The Soviet Communists and tyrants eagerly embraced the work of the behaviorists and used their theories extensively to control the "thoughts" of the people and even reality itself through propaganda, the art of playing with words. If logic, thoughts, and opinions are merely a product of words and language, then you are morally justified in changing the language around to make thoughts and reality line up with whatever the dictator desired, without being unduly subject to some universal standard out of the dictator's control. Changing words could never be considered a lie or immoral, since words precede logic and thus create logic, or truth. In fact, there could be no such thing as solid truth; words create it, change it, or destroy it at will. These authoritarians discouraged people from reveling in deep thinking and logic, which makes people individualist, helps them ground themselves by discovering and expressing their true identity and personality (i.e., genes) apart from the common group or culture, and encourages them to discern nuances and even judge the validity of mangled words and statements by an innate standard, that of the exercised use of logic. These authoritarians wanted them, instead, to be formed by language, by reveling and memorizing the language and clever use of words in their propoganda books and always engaging in social functions, organizations, and groups controlled by authorities (which encourages character formation through language, interaction, and group think), and diminish the time spent in quiet solitary, which encourages thought and individualism.
I suppose the what's-more-important-logic-or-words debate may be part of the reason extreme linguists can't stomach grammarians use of judgment or logic to prefer certain phrasings of language as clear or effective. That represents a right or wrong in language and makes language a tool or vehicle of one's innate logic. Then logic becomes superior, the focusing point, and the words must be employed or formed in such a way to even hope to match the greatness of the original, brilliant thought. Indeed, grammarians think of language as a vehicle and servant of logic and thought and try to teach people how to effectively use that tool to best express their individual logic and personality.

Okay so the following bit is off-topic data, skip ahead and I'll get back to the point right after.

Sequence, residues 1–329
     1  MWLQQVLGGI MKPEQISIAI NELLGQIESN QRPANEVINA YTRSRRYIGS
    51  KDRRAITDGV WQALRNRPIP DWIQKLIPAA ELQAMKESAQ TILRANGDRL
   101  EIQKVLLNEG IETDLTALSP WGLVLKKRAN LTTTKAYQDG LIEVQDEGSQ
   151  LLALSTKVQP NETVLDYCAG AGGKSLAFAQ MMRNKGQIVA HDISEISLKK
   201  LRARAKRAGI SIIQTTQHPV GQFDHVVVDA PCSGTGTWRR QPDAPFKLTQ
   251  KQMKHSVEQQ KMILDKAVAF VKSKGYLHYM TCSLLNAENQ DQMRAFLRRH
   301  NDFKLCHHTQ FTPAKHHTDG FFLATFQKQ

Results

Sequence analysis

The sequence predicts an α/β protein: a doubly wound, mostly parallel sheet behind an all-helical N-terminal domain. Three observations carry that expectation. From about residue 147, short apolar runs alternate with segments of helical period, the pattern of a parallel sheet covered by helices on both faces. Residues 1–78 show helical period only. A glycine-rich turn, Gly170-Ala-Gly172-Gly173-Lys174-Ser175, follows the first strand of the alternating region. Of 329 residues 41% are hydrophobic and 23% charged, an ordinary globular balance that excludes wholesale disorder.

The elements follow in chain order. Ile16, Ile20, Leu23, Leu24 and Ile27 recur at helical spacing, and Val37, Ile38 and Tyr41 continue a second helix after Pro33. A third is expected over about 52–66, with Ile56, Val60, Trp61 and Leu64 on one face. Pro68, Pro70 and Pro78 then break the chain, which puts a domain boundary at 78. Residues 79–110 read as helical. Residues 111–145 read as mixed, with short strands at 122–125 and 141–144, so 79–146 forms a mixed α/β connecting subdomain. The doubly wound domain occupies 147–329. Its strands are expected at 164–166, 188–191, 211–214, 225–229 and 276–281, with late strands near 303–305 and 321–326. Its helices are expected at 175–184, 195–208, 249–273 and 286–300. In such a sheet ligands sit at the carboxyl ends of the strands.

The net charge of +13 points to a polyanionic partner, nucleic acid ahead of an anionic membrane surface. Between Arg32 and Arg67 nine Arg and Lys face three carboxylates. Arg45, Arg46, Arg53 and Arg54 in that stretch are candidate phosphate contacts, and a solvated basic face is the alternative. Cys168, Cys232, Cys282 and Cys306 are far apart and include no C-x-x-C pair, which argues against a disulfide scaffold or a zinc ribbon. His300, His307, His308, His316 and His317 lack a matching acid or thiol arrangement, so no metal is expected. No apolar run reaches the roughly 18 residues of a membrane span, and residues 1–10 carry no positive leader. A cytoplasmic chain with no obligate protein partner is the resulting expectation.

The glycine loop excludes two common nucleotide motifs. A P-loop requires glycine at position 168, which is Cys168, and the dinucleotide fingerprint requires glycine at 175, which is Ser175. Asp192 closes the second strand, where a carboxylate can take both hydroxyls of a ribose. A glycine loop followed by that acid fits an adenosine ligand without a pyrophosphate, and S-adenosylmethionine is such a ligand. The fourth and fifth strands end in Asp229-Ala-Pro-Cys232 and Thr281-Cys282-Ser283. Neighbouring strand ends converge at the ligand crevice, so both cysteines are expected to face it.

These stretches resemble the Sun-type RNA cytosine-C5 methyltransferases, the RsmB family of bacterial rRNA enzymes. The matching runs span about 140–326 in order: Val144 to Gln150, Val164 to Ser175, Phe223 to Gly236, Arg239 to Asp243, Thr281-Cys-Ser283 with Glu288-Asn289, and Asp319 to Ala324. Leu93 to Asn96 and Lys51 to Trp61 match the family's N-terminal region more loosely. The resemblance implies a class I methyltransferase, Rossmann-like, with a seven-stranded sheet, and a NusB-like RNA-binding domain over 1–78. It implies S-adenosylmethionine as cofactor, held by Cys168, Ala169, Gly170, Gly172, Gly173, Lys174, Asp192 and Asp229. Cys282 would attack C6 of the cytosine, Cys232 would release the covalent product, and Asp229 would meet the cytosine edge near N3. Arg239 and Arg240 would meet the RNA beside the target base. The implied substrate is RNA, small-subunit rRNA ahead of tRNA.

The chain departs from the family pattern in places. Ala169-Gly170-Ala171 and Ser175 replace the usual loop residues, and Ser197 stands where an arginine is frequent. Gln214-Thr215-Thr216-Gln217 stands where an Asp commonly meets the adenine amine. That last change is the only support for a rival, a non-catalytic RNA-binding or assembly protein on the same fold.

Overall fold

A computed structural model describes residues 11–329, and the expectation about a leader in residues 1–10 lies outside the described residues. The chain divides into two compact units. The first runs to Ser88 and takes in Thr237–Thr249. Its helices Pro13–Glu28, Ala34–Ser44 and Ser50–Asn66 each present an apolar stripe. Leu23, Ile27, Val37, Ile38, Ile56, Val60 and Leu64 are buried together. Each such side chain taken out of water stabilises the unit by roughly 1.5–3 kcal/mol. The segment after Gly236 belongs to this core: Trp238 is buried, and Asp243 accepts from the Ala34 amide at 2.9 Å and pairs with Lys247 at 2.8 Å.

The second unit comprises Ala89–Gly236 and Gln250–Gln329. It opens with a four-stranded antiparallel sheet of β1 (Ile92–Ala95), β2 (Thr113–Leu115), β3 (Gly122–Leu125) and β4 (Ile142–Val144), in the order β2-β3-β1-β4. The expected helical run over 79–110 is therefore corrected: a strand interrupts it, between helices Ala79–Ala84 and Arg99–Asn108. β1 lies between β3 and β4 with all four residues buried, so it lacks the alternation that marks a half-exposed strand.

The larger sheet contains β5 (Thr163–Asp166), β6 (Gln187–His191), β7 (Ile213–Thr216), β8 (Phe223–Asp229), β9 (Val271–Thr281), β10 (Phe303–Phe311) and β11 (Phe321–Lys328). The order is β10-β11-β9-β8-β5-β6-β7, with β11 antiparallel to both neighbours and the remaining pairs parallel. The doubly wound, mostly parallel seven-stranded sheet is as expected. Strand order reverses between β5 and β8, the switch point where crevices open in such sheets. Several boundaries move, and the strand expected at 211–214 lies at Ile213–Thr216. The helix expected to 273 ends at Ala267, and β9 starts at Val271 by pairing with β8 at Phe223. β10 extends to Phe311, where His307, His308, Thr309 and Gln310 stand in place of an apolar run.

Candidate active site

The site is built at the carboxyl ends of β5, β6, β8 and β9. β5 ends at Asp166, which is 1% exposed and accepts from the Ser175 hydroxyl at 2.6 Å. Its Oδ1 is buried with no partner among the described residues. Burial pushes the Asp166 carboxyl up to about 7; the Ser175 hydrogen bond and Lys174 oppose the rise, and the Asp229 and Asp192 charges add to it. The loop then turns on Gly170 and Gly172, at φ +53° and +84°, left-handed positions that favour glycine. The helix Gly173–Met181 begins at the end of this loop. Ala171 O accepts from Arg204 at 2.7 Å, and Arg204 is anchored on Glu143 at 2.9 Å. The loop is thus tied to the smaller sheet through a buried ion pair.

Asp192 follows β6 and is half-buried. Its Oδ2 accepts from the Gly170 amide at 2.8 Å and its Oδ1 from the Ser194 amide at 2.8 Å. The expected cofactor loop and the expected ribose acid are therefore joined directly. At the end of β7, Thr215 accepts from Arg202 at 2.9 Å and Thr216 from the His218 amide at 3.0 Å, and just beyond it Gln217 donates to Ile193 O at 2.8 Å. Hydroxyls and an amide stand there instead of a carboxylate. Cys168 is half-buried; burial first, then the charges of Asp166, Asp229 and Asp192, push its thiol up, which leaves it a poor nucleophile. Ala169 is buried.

The linguists, however, think that words are just words, and none of these words is any greater than any other; none of them can express a thought or truth any better than another set of language, because language creates "thoughts" — it doesn't describe pre-existing ones. Since no words are any better than others, they say, we should leave language alone and let language evolve the "thoughts" and "truth" in whatever impartial way it sees fit or by the roll of a die. If the die rolls 1, so what? If it rolls 6, it won't matter, because the resultant "thoughts" aren't right, wrong, or great — they're merely a servant of language.

Posted: Fri Feb 09, 2007 1:27 am
by fluffyhamster
Sure, you can draw a distinction if you want, in evolutionary and also now general terms, between "thought" (preverbal ~?) and "its" eventual verbal expression...not that any of this has ever prevented people from arguing over things other than usage, or aids feral children to get by without even a first language etc etc.

Posted: Sat Feb 10, 2007 1:15 am
by jotham
I've been reading Ayn Rand's Atlas Shrugged (1957), the most popular American novel in the 20th century, which is being made into a movie next year (starring Tom Cruise and Angelina Jolie). Last night, I read a passage that made my eyes pop out as it seems germane to the topic we've been discussing. She's describing how a government panel decides to get rid of patents and copyrights and this was one member's rationale when assuring another member, who was jittery about the idea: